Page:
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Blocks world example Goal: On(A,B) AND Clear(A) AND On(C,D) AND Clear(C) A plan: MoveToTable(B, A), MoveToTable(D, C), Move(C, Table, D), Move(A, Table, B) Really two separate problem instances A B C D

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A partial-order plan Goal: On(A,B) AND Clear(A) AND On(C,D) AND Clear(C) A B C D Start MoveToTable( B,A) MoveToTable( D,C) Move(A, Table, B) Move(C, Table, D) Finish Any total order on the actions consistent with this partial order will work

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A partial-order plan (with more detail) Start MoveToTable(B, A) MoveToTable(D, C) Move(A,T able, B) Move(C,T able, D) Finish On(B,A) Clear(B)On(D,C)Clear(D) Clear(A)Clear(B)On(A, Table)Clear(D)Clear(C)On(C, Table) On(A, B)On(C, D)Clear(A)Clear(C) On(B,A) Clear(B)On(D,C)Clear(D)On(A, Table)On(C, Table)

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Not everything decomposes into multiple problems: Sussman Anomaly Goal: On(A,B) AND On(B,C) Sequentially pursuing goals does not work Optimal plan: MoveToTable(C,A), Move(B,Table,C), Move(A,Table,B) AB C

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An incorrect partial order plan for the Sussman Anomaly Start Finish On(A, B) On(A, Table) MoveToTable(C, A) Move(B,T able,C) Move(A, Table,B) On(B, C) On(B, Table)Clear(B)On(C, A)Clear(C) On(C, A)Clear(C) Clear(A)On(A, Table)Clear(B) Clear(C)On(B, Table) Move(B,Table,C) must be after MoveToTable(C,A), otherwise it will ruin Clear(C) Move(A,Table,B) must be after Move(B,Table,C), otherwise it will ruin Clear(B)

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Corrected partial order plan for the Sussman Anomaly Start Finish On(A, B) On(A, Table) MoveToTable(C, A) Move(B,T able, C) Move(A, Table, B) On(B, C) On(B, Table)Clear(B)On(C, A)Clear(C) On(C, A)Clear(C) Clear(A)On(A, Table)Clear(B) Clear(C)On(B, Table) No more flexibility in the order due to protection of causal links

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Searching for a partial-order plan Start WalkWithoutUmbrella(H ome, Work) Finish At(Work)Dry At(Home)IsAt(Umbrella,Home)CanBeCarried(Umbrella)IsUmbrella(Umbrella)HandEmptyDry no way to resolve conflict! WalkWithUmbrella(Home, Work, Umbrella) At(Home) Holding(Umbrella)IsUmbrella(Umbrella) TakeObject(Home, Umbrella) HandEmptyCanBeCarried(Umbrella)At(Home)IsAt(Umbrella,Home)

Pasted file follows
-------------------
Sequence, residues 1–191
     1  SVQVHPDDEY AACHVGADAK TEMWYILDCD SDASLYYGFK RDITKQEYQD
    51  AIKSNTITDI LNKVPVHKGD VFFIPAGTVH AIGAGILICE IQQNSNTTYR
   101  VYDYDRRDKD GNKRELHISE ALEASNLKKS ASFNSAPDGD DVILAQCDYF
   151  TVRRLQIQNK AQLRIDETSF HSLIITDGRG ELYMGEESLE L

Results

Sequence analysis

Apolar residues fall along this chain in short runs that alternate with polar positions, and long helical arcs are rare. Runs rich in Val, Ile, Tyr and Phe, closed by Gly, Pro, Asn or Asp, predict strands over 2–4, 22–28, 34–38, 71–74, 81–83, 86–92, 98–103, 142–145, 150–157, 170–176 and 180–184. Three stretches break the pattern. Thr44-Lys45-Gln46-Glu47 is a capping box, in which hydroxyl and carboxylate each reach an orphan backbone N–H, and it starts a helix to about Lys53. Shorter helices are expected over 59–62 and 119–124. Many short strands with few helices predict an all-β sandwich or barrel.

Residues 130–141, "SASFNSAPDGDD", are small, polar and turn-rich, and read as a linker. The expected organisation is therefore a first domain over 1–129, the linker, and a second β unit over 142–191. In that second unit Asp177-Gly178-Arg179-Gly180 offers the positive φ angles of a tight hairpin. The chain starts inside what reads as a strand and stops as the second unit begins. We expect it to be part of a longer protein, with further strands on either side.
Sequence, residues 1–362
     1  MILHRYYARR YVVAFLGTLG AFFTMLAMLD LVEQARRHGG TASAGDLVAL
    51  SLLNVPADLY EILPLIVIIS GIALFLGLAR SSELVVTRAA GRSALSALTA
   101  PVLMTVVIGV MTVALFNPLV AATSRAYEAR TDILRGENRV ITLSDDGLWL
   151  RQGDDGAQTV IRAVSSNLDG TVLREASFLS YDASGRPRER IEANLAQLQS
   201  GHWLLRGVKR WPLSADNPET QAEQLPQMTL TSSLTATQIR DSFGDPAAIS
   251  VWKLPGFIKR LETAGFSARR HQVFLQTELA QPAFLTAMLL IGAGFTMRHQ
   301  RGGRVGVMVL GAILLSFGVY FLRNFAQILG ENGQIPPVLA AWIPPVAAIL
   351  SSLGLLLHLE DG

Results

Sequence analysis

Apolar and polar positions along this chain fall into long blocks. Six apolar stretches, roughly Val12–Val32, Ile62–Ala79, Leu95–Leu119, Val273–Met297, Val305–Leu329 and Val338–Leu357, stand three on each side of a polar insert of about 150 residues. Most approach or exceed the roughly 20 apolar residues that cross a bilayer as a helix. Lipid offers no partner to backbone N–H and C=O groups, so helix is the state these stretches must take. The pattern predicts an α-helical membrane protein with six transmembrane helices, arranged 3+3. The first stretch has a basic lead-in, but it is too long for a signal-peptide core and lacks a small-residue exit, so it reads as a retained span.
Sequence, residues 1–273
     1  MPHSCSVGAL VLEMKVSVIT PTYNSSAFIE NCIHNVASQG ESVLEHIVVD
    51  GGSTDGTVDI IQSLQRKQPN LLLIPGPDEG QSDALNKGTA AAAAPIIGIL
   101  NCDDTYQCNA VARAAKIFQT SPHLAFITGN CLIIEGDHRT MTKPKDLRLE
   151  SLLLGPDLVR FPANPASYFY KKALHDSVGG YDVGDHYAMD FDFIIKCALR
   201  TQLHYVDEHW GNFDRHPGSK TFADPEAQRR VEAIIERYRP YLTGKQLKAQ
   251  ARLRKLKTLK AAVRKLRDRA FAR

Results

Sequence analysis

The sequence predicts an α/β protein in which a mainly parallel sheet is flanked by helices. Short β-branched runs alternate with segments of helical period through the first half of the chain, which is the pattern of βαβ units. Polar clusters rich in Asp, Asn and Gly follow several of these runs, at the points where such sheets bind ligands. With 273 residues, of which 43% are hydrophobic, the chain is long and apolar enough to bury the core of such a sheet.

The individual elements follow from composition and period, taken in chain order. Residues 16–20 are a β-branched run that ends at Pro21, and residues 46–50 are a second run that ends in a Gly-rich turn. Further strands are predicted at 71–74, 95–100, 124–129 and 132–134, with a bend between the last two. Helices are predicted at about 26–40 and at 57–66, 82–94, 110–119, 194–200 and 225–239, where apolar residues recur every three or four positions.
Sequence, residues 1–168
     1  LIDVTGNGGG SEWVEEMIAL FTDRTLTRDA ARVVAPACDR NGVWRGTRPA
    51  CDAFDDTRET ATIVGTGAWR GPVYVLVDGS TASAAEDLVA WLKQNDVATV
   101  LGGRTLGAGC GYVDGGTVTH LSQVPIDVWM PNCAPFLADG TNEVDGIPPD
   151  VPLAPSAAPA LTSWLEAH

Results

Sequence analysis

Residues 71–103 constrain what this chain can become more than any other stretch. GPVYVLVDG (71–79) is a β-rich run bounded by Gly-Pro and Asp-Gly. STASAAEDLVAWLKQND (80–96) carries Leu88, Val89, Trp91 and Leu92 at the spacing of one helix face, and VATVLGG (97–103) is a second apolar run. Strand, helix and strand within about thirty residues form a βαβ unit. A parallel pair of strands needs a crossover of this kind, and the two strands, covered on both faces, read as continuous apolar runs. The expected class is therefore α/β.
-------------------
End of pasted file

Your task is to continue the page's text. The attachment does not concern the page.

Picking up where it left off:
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Searching for partial-order plans Somewhat similar to constraint satisfaction Search state = partially completed partial order plan –Not to be confused with states of the world –Contains actions, ordering constraints on actions, causal links, some open preconditions Search works as follows: –Choose one open precondition p, –Consider all actions that achieve p (including ones already in the plan), –For each such action, consider each way of resolving conflicts using ordering constraints

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Planning graphs Each level has literals that could be true at that level Mutex (mutual exclusion) relations indicate incompatible actions/literals On(C, A) On(A, Table) Clear(C) MoveToTable(C,A) Move(C,A,B) On(B, Table) Clear(B) Move(B,Table,C) On(C, A) On(A, Table) Clear(C) On(B, Table) Clear(B) On(C, Table) On(C, B) On(B, C) Clear(A) … continued on board

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Reasons for mutex relations… … between actions: –Inconsistent effects: one action negates effect of the other –Interference: one action negates precondition of the other –Competing needs: the actions have preconditions that are mutex … between literals: –Inconsistent support: any pair of actions that can achieve these literals is mutex

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A problematic case for planning graphs FeedWith(x, y) –Preconditions: Edible(y) –Effects: NOT(Edible(y)), Fed(x) Start: Edible(Bread1), Edible(Bread2) Goal: Fed(Person1), Fed(Person2), Fed(Person3)

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Planning graph for feeding Any two of these could simultaneously be true at time 1, so no mutex relations Really need 3-way mutex relations, but experimentally this is computationally not worthwhile Edible(Bread1) FeedWith(Person1, Bread1) Edible(Bread2) FeedWith(Person2, Bread1) FeedWith(Person3, Bread1) FeedWith(Person1, Bread2) FeedWith(Person2, Bread2) FeedWith(Person3, Bread2) Edible(Bread1) Edible(Bread2) Fed(Person1) Fed(Person2) Fed(Person3)

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Uses of planning graphs If the goal literals do not all appear at a level (or have mutex relations) then we know we need another level –Converse does not hold Useful heuristic: first time that all goal literals appear at a level, with no mutex relations Graphplan algorithm: once all goal literals appear, try to extract solution from graph –Can use CSP techniques by labeling each action as in the plan or out of the plan –In case of failure, generate another level

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Example Fast-Forward planner… –http://members.deri.at/~joergh/ff.htmlhttp://members.deri.at/~joergh/ff.html … with towers of Hanoi example… –http://www.tempastic.org/vhpop/http://www.tempastic.org/vhpop/ … in course directory:./ff -o hanoi-domain.pddl -f hanoi-3.pddl Btw., why is towers of Hanoi solvable with any number of disks?

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Artificial Intelligence Chapter 11: Planning

Artificial Intelligence Chapter 11: Planning